The human race is challenged more than ever before to demonstrate our mastery - not over nature but of ourselves.-Rachel Carson
Gloria Cohen, editor of Edible Hawaiian Islands, included a link at the very end of her recent newsletter that has been haunting me for the past few days. There's a massive, plastic garbage heap floating out in the North Pacific Ocean! I've heard mention of styrofoam cups and plates floating out in the Pacific and lawn chairs and coolers washed up on deserted beaches, but this is truly bizarre.
When Charles Moore, the American oceanographer credited with discovering this "ocean fill", wrote an article for Natural History Magazine in 2003, the estimated area was the size of Texas. This February, one of Moore's colleagues stated in another article that the plastic soup has grown to twice the size of the continental United States!
Maybe it's not yet considered critical mass because it exists in an area not frequented by sailors or fishermen. The North Pacific gyre is a vortex where the ocean circulates slowly because of little wind and extreme high pressure systems. However, it appears to be growing at an alarming rate and the researchers believe that all the plastic that has ever been produced, still exists. (Even that white vinyl skirt I wore in high school?)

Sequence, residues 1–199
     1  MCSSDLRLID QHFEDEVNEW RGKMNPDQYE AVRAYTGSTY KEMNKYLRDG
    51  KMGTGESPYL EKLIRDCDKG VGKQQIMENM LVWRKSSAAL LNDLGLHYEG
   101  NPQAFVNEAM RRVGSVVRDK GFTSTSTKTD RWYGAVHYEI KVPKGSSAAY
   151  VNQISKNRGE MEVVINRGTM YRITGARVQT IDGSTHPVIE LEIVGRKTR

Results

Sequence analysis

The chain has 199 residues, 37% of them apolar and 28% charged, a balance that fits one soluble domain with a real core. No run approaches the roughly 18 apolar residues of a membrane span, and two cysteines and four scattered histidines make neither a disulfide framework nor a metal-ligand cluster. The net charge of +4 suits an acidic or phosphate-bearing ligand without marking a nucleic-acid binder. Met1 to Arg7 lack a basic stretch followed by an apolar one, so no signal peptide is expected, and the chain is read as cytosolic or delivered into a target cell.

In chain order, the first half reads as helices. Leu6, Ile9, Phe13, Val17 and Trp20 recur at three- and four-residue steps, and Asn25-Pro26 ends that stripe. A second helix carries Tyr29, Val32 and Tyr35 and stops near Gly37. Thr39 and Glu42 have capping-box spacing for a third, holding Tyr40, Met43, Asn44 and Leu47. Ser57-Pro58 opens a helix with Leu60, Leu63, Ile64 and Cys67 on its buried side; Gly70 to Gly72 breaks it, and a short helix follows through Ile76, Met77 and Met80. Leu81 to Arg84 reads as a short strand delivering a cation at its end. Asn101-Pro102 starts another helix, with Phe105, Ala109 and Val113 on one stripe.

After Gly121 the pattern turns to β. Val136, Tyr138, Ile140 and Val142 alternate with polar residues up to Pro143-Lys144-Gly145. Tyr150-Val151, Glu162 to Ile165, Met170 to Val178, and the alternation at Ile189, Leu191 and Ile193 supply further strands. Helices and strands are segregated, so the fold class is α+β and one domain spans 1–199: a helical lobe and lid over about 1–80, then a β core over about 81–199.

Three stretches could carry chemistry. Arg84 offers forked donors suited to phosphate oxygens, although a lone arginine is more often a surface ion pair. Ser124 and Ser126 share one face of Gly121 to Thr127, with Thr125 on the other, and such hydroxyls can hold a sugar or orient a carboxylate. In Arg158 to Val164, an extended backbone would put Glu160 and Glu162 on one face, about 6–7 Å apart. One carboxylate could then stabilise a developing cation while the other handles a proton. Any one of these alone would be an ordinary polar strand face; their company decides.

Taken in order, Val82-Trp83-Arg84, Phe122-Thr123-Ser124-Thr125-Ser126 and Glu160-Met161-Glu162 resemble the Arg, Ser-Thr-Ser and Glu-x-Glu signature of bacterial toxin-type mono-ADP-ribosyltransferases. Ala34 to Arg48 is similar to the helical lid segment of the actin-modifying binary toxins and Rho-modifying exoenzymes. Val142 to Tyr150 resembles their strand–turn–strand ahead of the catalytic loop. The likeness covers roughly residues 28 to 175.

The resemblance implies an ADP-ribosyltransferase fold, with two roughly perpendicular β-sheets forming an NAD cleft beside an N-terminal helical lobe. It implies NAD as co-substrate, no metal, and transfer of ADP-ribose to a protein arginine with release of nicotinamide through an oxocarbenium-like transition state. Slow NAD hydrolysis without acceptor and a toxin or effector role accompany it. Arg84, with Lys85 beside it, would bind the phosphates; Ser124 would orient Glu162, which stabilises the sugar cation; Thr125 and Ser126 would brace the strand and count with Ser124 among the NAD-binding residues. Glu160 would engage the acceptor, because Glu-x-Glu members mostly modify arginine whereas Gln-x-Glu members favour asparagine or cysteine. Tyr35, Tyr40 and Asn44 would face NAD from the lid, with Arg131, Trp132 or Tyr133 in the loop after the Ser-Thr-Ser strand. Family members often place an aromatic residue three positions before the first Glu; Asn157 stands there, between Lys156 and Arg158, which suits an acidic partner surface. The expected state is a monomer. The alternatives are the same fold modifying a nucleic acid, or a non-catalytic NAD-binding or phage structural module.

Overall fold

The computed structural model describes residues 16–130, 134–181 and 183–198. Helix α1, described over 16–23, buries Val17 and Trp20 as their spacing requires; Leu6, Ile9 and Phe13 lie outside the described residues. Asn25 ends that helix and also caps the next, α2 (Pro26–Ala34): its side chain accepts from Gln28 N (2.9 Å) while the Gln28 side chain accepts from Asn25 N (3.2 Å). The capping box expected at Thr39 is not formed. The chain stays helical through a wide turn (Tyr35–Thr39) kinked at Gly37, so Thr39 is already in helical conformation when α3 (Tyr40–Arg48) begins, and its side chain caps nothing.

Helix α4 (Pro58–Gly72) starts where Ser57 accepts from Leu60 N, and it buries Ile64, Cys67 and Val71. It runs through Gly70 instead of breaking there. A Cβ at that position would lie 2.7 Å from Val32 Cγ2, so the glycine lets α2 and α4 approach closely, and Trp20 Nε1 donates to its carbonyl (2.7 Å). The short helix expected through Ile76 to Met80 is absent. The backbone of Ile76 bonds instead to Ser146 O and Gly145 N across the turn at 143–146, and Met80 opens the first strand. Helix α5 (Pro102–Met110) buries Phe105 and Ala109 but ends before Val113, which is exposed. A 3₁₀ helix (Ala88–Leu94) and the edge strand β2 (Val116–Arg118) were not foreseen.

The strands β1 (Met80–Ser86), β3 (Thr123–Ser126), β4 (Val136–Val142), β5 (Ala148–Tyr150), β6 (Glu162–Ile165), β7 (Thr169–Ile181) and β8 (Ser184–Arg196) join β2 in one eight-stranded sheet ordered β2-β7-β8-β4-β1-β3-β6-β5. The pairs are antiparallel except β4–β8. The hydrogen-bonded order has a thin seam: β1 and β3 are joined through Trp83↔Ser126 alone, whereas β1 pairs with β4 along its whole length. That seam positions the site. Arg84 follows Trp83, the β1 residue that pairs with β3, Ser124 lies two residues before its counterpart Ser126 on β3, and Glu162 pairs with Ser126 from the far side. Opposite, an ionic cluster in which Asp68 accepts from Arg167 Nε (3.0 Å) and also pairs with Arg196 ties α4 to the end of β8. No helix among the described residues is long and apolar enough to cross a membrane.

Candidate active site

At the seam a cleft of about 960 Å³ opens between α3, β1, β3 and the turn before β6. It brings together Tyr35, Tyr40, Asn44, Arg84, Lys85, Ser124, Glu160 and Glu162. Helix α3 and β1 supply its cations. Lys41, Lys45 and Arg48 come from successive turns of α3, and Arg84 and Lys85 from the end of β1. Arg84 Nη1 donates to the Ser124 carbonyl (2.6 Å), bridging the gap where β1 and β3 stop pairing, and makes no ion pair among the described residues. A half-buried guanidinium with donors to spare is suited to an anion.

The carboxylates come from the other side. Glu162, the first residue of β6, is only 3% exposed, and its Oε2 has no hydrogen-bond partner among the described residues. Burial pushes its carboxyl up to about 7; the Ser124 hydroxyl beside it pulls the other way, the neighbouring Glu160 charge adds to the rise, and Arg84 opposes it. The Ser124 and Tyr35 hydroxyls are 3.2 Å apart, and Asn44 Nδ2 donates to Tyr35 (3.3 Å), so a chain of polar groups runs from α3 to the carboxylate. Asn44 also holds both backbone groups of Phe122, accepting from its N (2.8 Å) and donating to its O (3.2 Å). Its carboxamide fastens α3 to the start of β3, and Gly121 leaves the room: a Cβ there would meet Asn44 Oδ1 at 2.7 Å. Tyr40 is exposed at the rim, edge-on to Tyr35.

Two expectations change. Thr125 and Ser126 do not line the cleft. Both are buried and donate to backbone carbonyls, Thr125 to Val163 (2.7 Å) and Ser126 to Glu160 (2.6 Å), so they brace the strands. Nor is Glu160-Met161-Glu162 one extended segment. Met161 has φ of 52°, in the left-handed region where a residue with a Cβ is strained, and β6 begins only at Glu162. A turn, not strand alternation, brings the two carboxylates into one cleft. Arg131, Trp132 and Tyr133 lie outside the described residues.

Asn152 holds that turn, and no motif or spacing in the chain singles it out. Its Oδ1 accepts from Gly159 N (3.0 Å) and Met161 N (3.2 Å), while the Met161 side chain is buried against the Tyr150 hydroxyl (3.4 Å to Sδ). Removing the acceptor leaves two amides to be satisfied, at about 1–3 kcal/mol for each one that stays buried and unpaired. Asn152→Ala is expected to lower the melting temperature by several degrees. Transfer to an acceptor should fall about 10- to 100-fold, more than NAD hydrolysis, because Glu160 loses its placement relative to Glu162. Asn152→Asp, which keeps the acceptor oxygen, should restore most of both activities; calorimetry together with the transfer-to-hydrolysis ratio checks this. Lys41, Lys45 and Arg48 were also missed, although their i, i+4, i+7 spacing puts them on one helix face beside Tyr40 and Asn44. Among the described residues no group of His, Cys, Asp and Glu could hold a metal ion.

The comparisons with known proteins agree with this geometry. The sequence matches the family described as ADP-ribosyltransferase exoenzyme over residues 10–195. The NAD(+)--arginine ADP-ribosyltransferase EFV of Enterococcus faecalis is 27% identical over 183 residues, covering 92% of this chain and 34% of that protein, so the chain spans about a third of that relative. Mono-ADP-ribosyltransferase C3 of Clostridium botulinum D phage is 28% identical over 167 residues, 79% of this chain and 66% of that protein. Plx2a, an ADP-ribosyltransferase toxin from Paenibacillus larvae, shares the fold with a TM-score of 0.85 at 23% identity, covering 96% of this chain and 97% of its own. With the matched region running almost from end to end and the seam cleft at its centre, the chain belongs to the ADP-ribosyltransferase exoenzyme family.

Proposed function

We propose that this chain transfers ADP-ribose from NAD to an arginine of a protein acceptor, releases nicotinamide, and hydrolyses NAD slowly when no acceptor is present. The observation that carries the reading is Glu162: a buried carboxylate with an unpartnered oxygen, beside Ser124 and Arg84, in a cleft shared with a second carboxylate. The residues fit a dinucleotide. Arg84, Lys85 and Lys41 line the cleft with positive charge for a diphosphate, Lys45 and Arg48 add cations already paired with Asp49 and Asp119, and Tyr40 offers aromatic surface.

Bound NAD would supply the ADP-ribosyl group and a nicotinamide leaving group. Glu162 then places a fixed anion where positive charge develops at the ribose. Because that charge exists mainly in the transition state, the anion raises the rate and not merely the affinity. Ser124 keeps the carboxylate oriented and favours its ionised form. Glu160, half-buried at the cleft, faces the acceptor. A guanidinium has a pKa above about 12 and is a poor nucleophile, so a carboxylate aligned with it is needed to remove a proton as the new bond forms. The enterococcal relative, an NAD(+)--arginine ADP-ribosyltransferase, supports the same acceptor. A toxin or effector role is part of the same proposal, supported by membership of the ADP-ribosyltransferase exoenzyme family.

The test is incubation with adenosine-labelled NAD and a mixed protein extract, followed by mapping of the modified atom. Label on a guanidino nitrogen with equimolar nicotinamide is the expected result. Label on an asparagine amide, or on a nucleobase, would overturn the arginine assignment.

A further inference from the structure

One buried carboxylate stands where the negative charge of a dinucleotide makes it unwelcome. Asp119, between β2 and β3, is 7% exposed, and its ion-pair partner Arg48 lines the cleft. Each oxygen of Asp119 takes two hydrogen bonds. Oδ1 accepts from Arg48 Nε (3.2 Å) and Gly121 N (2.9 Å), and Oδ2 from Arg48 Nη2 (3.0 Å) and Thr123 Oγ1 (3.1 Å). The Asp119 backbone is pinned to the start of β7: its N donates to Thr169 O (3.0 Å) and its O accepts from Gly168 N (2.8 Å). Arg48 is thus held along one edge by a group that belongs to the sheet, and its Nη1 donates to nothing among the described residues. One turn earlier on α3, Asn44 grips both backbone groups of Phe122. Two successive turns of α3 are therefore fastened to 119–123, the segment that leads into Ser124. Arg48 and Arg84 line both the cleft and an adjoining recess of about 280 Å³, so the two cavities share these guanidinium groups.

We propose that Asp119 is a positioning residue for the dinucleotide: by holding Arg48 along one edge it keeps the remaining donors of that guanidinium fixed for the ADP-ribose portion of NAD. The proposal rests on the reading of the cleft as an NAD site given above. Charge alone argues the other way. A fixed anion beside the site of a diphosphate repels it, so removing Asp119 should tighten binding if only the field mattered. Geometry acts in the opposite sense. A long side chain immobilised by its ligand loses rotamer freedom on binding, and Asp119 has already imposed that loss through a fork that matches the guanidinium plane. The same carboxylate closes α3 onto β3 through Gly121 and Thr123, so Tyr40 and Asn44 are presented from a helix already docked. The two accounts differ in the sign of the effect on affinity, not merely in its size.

I thought I was making strides by getting rid of my plastic storage bowls (replaced them with glass) and taking my own reusable shopping bags to the store with me, but a look through my kitchen reveals a horde of food items wrapped in plastic. The truck I drive is full of it, inside and out. I have CD cases and stuff from COSTCO encased in plastic that I can't get into without a hacksaw.
Maybe this is all part of a plan. We're building another continent with our plastic trash so there will be land for all of the people who will be living past 150. A sense of humor hopefully precedes a sense of urgency.
Watch a preview of Synthetic Sea by the Algalita Marine Research Foundation. Charles Moore is the founder.
Kamilo Beach is a Big Island beach near South Point that's coated with trash from the sea.